The CPA is another stage in the political development of the Sudan, though not restricted to Southern Sudan like its predecessors. The agreement was hammered out when a federal constitution was adopted in 1998 with federal institutions already in place. The CPA differs, however, from previous agreements in that it is predicated on one country with two systems. For example, the government in the North maintains institutions that operate within the values of Sharia law, while the government in the South claims to operate in a secular system. Another unique characteristic of the agreement is that each party is allowed to maintain its own army, in addition to a third army referred to as the Joint Integrated Units (JIU).”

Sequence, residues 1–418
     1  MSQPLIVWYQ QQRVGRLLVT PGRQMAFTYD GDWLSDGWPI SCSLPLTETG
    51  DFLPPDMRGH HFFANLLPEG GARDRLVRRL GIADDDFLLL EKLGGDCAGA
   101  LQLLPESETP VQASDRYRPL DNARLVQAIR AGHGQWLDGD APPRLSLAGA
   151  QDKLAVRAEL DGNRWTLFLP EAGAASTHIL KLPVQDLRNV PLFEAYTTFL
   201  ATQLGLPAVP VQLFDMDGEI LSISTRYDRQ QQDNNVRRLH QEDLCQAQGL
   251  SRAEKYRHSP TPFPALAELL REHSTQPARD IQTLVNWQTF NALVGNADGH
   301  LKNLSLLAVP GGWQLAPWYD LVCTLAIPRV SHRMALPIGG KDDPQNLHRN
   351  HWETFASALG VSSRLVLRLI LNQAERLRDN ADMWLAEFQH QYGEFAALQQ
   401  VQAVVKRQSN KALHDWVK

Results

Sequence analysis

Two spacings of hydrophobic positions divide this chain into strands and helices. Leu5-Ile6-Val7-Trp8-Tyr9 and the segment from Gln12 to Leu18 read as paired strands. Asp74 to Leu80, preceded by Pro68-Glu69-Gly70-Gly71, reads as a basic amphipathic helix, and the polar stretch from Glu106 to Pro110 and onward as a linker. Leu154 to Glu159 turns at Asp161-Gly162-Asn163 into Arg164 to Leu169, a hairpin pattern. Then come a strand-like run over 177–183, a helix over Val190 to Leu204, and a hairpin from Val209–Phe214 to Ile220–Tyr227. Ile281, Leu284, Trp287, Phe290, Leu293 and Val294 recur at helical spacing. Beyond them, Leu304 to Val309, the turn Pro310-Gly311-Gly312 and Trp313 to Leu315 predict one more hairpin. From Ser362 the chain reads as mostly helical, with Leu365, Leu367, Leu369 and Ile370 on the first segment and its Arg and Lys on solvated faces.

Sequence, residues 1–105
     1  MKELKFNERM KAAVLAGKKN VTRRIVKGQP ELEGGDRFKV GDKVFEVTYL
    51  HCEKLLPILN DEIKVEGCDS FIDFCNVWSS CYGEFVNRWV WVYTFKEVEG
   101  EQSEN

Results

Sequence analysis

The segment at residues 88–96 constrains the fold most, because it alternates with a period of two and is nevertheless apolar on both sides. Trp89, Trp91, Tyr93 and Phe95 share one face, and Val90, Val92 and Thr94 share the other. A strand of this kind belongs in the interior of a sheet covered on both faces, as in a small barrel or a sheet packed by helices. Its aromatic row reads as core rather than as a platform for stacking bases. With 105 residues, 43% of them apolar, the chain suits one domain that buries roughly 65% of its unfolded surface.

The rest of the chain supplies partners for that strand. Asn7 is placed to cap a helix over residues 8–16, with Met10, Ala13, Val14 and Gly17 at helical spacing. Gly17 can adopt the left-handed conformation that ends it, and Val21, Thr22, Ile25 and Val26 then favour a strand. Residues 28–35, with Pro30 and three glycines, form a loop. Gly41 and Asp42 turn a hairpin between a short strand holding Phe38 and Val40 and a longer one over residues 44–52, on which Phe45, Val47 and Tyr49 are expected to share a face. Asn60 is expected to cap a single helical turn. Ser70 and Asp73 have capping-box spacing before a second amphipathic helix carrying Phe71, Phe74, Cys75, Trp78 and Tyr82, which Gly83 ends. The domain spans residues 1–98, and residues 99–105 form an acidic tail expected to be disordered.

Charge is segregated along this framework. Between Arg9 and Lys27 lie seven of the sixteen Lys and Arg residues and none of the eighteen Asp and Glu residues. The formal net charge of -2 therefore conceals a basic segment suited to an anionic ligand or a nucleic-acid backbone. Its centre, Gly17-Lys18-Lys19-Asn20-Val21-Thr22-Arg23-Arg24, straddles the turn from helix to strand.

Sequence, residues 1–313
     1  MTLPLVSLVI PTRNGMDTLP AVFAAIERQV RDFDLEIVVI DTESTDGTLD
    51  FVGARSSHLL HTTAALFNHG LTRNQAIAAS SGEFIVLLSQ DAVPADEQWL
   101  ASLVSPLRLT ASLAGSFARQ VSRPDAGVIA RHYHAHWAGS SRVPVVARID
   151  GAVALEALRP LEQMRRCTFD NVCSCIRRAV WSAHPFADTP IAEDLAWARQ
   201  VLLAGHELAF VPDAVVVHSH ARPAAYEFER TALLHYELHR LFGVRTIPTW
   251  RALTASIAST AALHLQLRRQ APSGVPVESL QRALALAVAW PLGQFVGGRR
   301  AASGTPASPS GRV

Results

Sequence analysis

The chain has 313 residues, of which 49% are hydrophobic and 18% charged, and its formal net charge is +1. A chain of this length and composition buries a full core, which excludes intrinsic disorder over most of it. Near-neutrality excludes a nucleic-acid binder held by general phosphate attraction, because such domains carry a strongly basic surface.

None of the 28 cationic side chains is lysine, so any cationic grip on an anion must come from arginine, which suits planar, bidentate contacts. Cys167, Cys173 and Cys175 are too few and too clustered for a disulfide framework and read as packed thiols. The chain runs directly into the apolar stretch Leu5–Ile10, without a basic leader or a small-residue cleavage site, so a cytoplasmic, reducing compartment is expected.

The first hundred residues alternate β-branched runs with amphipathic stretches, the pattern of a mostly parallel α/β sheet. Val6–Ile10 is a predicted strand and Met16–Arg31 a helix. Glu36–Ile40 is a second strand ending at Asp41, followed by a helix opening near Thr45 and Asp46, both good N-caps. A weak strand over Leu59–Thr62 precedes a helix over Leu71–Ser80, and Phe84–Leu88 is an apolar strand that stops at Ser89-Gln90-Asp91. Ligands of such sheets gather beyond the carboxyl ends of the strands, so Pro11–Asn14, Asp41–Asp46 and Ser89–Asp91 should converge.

These topics generate mixed, heated arguments, among South Sudanese and others, including on social media in current times. There are several occasions where those who shout the loudest rhetoric about these issues appear to be completely insincere, having no intentions of being just, fair to SPLM/A, Garang, Lam and others involved, instead, they appear to be causing confusion to score political points, to make ways for themselves as individuals, pursuing only personal self-fish agenda.